Author Affiliations: Department of Anesthesiology and Critical Care Medicine, Johns Hopkins University, Baltimore, Md (Drs Block and Wu, and Mr Rowlingson); Department of Anesthesiology, Virginia Mason Medical Center, University of Washington, Seattle (Dr Liu); Department of Anesthesiology (Dr A. R. Cowan) and Department of Neurosurgery (Dr J. A. Cowan), University of Michigan, Ann Arbor.
Context Whether epidural analgesia is a better method than parenteral opioids
for postoperative pain control remains controversial.
Objective To systematically review the efficacy of postoperative epidural analgesia
vs parenteral opioids, the primary alternative technique.
Data Sources Studies were identified primarily by searching the National Library
of Medicine's PubMed database (1966 to April 25, 2002) and other sources for
studies related to postoperative epidural analgesia.
Study Selection Inclusion criteria were a comparison of epidural therapy vs parenteral
opioids for postoperative analgesia, measurement of pain using a visual analog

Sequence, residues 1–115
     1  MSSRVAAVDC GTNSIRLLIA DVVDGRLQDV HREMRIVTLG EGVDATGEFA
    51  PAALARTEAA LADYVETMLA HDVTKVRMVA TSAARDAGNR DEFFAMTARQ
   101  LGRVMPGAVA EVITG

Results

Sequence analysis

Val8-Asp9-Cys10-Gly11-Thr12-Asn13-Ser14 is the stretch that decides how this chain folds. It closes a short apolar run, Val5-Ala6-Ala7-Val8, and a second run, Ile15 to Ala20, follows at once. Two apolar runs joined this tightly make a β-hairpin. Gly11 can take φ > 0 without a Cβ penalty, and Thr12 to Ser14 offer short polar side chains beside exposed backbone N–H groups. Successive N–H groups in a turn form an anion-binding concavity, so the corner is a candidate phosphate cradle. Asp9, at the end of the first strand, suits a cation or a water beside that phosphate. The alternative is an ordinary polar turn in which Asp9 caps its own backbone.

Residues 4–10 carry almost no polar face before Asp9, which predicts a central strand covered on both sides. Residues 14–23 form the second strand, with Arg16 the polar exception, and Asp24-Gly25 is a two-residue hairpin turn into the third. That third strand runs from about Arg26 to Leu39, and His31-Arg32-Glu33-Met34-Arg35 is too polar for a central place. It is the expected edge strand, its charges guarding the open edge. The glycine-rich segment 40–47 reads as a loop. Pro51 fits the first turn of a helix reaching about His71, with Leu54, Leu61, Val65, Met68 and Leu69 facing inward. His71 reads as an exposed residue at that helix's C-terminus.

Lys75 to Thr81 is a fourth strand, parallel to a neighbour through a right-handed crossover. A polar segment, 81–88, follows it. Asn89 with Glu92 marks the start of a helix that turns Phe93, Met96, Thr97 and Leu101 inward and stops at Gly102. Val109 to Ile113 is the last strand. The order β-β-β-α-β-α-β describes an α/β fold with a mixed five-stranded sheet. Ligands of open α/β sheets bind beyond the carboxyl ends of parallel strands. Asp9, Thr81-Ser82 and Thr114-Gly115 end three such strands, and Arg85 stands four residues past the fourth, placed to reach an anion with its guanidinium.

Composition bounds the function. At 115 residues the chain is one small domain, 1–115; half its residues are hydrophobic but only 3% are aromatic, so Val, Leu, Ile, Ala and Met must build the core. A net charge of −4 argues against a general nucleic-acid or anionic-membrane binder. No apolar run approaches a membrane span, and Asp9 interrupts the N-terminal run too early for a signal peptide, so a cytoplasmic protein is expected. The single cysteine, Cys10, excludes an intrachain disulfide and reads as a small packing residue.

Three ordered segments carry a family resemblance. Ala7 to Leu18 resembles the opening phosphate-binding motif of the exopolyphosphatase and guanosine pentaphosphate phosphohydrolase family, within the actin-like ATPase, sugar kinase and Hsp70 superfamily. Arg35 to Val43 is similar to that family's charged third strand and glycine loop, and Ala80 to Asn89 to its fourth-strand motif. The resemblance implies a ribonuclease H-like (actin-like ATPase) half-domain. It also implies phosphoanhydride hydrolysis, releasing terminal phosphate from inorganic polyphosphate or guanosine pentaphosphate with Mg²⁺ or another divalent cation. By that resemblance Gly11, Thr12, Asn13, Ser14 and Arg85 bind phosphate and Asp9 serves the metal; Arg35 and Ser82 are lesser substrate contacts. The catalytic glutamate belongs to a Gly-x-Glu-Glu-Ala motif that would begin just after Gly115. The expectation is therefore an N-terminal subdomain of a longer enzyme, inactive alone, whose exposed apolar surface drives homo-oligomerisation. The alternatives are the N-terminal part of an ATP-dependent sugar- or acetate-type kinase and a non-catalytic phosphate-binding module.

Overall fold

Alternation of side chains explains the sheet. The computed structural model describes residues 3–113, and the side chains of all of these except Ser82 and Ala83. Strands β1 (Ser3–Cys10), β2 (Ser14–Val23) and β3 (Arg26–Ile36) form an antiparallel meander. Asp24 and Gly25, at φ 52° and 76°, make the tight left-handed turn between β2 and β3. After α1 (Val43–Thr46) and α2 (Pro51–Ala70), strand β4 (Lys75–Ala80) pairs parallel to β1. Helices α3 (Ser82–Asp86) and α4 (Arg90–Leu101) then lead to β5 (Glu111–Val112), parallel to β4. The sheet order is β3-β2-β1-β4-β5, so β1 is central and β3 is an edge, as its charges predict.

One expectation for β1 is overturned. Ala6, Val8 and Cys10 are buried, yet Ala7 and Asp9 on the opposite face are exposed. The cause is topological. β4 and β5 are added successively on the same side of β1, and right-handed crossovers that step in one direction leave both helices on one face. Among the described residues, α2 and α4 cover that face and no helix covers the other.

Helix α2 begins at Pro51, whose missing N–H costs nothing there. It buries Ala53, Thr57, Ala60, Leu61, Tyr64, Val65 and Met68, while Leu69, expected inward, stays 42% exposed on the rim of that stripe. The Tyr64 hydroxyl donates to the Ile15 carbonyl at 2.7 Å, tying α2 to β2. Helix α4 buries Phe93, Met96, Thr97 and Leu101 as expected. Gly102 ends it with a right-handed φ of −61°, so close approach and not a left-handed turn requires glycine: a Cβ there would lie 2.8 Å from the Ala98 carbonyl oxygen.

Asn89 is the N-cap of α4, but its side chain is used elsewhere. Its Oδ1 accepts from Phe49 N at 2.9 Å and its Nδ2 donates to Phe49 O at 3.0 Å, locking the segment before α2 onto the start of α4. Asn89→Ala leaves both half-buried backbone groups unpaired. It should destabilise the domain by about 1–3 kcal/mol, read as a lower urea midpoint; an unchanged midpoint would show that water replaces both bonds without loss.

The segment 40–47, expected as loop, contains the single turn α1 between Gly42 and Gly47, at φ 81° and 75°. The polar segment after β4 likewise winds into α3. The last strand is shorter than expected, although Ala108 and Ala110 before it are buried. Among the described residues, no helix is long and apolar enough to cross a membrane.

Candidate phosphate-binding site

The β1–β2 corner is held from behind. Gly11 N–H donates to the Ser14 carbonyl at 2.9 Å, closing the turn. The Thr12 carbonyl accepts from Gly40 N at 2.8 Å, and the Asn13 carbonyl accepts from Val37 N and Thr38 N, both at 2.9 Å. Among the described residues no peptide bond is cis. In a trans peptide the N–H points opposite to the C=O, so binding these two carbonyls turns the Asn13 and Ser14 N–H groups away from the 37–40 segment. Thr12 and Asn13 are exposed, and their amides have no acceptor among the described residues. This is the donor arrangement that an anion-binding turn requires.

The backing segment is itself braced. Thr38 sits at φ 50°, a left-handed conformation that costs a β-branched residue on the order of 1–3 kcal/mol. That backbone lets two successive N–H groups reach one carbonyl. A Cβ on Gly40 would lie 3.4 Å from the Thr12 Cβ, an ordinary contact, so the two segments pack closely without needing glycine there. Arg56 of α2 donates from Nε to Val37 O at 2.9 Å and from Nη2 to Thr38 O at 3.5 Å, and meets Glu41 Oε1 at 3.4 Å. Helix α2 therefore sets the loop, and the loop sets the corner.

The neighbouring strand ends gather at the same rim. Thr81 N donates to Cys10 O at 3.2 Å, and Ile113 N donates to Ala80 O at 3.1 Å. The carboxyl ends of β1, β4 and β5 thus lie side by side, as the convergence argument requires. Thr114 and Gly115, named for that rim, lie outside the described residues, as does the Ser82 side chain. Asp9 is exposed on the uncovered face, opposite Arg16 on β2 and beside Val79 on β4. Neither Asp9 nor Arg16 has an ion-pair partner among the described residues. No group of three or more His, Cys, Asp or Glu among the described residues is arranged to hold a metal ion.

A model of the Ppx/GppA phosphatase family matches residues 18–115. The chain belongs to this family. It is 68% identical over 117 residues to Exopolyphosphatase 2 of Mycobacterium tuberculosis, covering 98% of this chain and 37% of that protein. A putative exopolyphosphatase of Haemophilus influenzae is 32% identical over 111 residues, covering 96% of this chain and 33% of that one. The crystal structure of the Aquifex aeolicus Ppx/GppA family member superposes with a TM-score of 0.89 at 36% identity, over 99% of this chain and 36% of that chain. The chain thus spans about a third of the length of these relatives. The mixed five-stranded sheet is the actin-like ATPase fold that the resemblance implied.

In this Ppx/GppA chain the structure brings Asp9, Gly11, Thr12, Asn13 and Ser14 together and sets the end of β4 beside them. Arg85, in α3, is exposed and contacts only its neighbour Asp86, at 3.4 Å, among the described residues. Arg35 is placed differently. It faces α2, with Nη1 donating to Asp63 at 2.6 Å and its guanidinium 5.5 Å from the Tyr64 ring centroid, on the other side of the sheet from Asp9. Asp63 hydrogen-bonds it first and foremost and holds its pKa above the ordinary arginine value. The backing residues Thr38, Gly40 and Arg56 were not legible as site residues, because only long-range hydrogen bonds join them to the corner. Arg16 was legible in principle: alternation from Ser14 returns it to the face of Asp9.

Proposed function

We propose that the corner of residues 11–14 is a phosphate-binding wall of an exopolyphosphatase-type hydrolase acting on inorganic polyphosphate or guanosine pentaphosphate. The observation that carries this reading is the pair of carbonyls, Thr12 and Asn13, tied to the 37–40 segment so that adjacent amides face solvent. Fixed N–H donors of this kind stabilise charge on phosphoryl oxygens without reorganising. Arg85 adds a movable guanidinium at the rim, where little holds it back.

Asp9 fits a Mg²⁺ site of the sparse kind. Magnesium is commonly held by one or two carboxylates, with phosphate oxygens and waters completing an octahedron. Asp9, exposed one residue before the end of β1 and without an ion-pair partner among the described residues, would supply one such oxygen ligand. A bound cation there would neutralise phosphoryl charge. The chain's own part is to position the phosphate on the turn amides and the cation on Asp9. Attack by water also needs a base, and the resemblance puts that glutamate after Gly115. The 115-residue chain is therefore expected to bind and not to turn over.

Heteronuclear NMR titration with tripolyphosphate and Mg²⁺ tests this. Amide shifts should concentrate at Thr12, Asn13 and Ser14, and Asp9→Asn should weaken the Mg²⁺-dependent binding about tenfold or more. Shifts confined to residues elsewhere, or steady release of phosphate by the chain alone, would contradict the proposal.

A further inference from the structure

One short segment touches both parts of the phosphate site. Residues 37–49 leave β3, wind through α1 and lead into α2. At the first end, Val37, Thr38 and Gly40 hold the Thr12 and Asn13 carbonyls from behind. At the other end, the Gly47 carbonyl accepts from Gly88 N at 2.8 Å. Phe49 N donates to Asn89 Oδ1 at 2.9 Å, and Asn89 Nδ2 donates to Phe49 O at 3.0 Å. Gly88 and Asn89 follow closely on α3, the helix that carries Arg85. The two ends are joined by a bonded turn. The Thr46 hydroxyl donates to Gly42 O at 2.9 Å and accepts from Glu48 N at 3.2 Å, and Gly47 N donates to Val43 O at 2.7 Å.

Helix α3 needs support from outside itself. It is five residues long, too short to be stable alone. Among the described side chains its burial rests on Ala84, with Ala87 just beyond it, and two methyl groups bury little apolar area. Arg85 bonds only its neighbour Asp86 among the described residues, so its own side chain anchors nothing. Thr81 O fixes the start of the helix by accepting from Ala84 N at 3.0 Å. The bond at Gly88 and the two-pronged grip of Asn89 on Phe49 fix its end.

scale (VAS) or numeric rating scale, randomization of patients to either therapy,
and adult patients (≥18 years). A total of 1404 abstracts were identified,
100 of which met all inclusion criteria.
Data Extraction Each article was reviewed and data extracted from tables, text, or extrapolated
from figures as needed. Weighted mean pain scores, weighted mean differences
in pain score, and weighted incidences of complications were determined by
using a fixed-effect model.
Data Synthesis Epidural analgesia provided better postoperative analgesia compared
with parenteral opioids (mean [SE], 19.40 mm [0.17] vs 29.40 mm [0.20] on
the VAS; P<.001). When analyzed by postoperative
day, epidural analgesia was better than parenteral opioids on each postoperative
day (P<.001 for each day after surgery). For all
types of surgery and pain assessments, all forms of epidural analgesia provided
significantly better postoperative analgesia compared with parenteral opioid
analgesia (P<.001 for all), with the exception
of thoracic epidural analgesia vs opioids for rest pain after thoracic surgery
(weighted mean difference, 0.6 mm; 95% confidence interval, –0.3 to
1.5 mm; P = .12). The complication rates were lower
than expected for nausea or vomiting and pruritus but comparable with existing
data for lower extremity motor block.
Conclusion Epidural analgesia, regardless of analgesic agent, location of catheter
placement, and type and time of pain assessment, provided better postoperative
analgesia compared with parenteral opioids.
Block BM, Liu SS, Rowlingson AJ, Cowan AR, Cowan, Jr JA, Wu CL. Efficacy of Postoperative Epidural Analgesia: A Meta-analysis. JAMA. 2003;290(18):2455–2463. doi:10.1001/jama.290.18.2455
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